Computer Science Inclusiveness, Diversity, Equity, and Advocacy (CS-IDEA) committee
B.S. student Gaoxiang Luo is currently participating in the 2021B cohort of the highly-competitive Google CS Research Mentorship Program (CSRMP).
Through Google's exploreCSR program, CS&E professors Maria Gini and Shana Watters are exposing students historically marginalized in computing to research.
B.S. student Eric Zhong Fritsche is one of the 1 in 4 students at the University of Minnesota to be the first in their family to attend college.
Maximilian N. Lando Scholarship recipient Swati Rampali co-founded the student group Code the Gap, which is introducing underrepresented kids to science and technology fields.
The ArTeS Collaborative Research Studio will bring art, technology, and science together when it opens in spring 2022.
Zahara Spilka aspires to a career in animation and hopes to create accurate depictions of different races, body types, religions, genders, and sexualities.
He will work with the GroupLens team to conduct research in human computer interaction with a focus on stigmatized and marginalized groups.
The Code the Gap student group provides STEM opportunities to underrepresented groups by teaching computer science at local Twin Cities K-12 schools.
Kelly Thomas is a Senior Undergraduate Academic Advisor and has been a diversity and inclusion champion since joining the department in 2015.
As a researcher and professor at the University of Minnesota, Professor Gini has helped increase the number of women and underrepresented minorities in the department.
Read about the partnership, which is part of the Back to Indigenous Futures project funded by the UMN Provost Office's Grand Challenges program.
In both the workforce and educational pipeline, computer science remains one of the least diverse fields, particularly in terms of the involvement of women and underrepresented minorities.
The Computer Science & Engineering (CS&E) department is committed to supporting and recruiting a diverse community of students, staff, and faculty and helping everyone in this community to thrive. This requires deliberate work to build an inclusive and supportive environment for those from historically underrepresented and non-traditional backgrounds, which, in our field, includes American Indians and other Indigenous populations, people of color, new immigrant populations, people with both apparent and non-apparent disabilities, people who identify as women, people of various gender and sexual identities and expressions, first-generation students, students from economically disadvantaged backgrounds, people who claim more than one of the above identities, and people who might encounter barriers based on their religious expression, age, national origin, ethnicity, or veteran status.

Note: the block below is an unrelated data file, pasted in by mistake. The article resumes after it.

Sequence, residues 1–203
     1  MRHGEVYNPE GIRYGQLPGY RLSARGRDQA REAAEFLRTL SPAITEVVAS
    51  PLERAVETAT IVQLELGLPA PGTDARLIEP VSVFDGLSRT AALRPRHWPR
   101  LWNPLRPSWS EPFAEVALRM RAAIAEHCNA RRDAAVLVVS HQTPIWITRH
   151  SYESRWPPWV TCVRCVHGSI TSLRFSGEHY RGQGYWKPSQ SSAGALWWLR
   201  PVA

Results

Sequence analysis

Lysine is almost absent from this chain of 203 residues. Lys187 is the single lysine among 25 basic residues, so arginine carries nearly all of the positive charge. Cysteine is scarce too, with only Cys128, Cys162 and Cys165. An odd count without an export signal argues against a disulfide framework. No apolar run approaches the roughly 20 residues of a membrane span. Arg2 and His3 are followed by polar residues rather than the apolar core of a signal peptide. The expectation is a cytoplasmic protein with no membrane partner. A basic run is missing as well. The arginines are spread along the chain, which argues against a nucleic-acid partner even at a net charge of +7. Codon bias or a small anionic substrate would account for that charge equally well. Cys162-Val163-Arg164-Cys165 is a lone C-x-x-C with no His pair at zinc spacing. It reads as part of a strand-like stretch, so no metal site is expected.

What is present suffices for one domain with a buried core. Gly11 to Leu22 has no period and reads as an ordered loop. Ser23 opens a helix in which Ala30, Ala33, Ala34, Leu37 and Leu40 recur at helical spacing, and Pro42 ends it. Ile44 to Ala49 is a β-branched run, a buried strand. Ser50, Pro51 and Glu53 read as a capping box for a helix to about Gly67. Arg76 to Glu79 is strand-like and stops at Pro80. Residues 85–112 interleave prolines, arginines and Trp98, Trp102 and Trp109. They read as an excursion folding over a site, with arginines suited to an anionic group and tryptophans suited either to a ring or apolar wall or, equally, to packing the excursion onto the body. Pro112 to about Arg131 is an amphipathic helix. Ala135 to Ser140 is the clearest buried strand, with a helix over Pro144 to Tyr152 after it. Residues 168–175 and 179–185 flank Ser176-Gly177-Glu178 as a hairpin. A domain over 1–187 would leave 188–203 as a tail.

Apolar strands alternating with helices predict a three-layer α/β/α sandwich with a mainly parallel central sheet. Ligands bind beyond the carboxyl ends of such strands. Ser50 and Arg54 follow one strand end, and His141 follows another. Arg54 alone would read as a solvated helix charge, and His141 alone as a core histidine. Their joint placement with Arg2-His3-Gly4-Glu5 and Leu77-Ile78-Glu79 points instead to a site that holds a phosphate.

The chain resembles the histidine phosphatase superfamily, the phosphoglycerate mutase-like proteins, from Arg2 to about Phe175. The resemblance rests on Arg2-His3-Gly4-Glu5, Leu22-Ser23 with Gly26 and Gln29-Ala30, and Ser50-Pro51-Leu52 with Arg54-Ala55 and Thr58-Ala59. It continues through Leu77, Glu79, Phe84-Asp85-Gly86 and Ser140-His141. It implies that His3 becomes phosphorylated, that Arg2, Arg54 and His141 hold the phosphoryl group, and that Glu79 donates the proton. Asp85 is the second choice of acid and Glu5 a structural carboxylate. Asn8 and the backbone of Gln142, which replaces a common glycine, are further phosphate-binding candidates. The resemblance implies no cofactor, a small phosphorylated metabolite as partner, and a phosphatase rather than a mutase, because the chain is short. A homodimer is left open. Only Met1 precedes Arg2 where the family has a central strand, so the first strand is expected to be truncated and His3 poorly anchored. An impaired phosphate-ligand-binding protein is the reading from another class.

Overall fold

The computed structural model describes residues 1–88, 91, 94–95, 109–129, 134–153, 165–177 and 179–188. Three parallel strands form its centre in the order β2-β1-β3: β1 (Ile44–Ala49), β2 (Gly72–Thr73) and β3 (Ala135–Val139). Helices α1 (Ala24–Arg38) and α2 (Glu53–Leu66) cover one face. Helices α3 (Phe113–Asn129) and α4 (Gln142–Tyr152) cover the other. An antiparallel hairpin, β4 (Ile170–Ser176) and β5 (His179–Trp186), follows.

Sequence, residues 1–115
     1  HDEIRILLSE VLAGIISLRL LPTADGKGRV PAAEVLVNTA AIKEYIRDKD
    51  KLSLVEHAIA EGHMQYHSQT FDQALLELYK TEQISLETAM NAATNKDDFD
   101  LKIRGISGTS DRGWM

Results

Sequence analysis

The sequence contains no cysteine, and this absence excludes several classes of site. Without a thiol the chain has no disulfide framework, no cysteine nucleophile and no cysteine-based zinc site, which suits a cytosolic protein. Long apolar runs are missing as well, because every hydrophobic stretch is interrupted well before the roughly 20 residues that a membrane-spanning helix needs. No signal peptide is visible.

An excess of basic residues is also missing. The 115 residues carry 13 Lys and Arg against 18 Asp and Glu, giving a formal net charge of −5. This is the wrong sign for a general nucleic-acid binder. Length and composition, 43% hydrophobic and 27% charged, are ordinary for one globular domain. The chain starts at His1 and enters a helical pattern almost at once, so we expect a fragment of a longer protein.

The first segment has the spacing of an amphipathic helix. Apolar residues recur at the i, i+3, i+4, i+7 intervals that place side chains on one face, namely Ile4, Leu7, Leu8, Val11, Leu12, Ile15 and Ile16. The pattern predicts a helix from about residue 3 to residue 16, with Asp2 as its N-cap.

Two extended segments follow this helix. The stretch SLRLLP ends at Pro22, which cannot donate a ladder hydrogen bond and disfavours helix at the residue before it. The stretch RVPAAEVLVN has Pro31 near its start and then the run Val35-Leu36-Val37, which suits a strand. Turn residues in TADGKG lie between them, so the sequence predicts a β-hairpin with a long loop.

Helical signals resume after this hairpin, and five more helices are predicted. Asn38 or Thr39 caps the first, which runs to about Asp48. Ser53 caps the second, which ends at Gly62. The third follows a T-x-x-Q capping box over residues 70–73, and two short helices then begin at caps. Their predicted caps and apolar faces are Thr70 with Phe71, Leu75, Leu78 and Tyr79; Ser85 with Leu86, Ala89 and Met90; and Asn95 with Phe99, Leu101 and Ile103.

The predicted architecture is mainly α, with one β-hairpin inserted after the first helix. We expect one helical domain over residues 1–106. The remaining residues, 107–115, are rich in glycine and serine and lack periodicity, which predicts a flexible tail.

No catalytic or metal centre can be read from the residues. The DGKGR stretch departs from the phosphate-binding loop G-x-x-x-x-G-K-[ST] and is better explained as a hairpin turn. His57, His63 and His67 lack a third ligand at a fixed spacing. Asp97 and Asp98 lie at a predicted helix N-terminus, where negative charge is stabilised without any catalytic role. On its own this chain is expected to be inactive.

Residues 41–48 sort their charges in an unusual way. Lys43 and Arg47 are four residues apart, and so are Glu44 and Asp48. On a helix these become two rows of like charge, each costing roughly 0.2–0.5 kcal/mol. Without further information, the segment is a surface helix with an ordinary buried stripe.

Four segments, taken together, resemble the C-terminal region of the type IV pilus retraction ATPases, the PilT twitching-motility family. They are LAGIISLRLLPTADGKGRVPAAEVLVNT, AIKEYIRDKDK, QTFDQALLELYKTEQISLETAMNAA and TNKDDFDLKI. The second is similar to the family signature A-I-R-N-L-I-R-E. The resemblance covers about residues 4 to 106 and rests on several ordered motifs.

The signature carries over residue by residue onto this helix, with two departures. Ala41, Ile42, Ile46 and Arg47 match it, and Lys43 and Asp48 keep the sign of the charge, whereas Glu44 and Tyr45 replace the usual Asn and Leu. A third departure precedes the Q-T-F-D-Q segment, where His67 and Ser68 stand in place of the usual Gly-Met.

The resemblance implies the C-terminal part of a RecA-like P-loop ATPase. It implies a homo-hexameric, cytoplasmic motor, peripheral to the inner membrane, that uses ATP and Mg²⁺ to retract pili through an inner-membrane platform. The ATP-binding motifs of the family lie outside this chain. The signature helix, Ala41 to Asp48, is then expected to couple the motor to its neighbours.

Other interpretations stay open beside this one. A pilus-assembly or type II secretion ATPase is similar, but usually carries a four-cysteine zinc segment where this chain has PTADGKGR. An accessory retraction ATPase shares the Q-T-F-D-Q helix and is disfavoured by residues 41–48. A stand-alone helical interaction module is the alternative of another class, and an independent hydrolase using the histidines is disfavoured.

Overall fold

As part of our department's Inclusiveness, Diversity, Equity, and Advocacy (CS-IDEA) work, we have created this webpage as a home base. We encourage community members to use it to connect with "your people", learn about ongoing initiatives ranging from welcome events to scholarships to curriculum revisions, and get involved in our community.
- Daniel Keefe, CS&E Professor and CS-IDEA committee chair
All upcoming events
The University of Minnesota Twin Cities is built within and continues to occupy the traditional homelands of the Dakota people. It is important to acknowledge the peoples on whose land we live, learn, and work as we seek to improve and strengthen our relations with our tribal nations.
We also acknowledge that words are not enough. We must ensure that our institution provides support, resources, and programs that increase access to all aspects of higher education for our American Indian students, staff, faculty, and community members. More land acknowledgement resources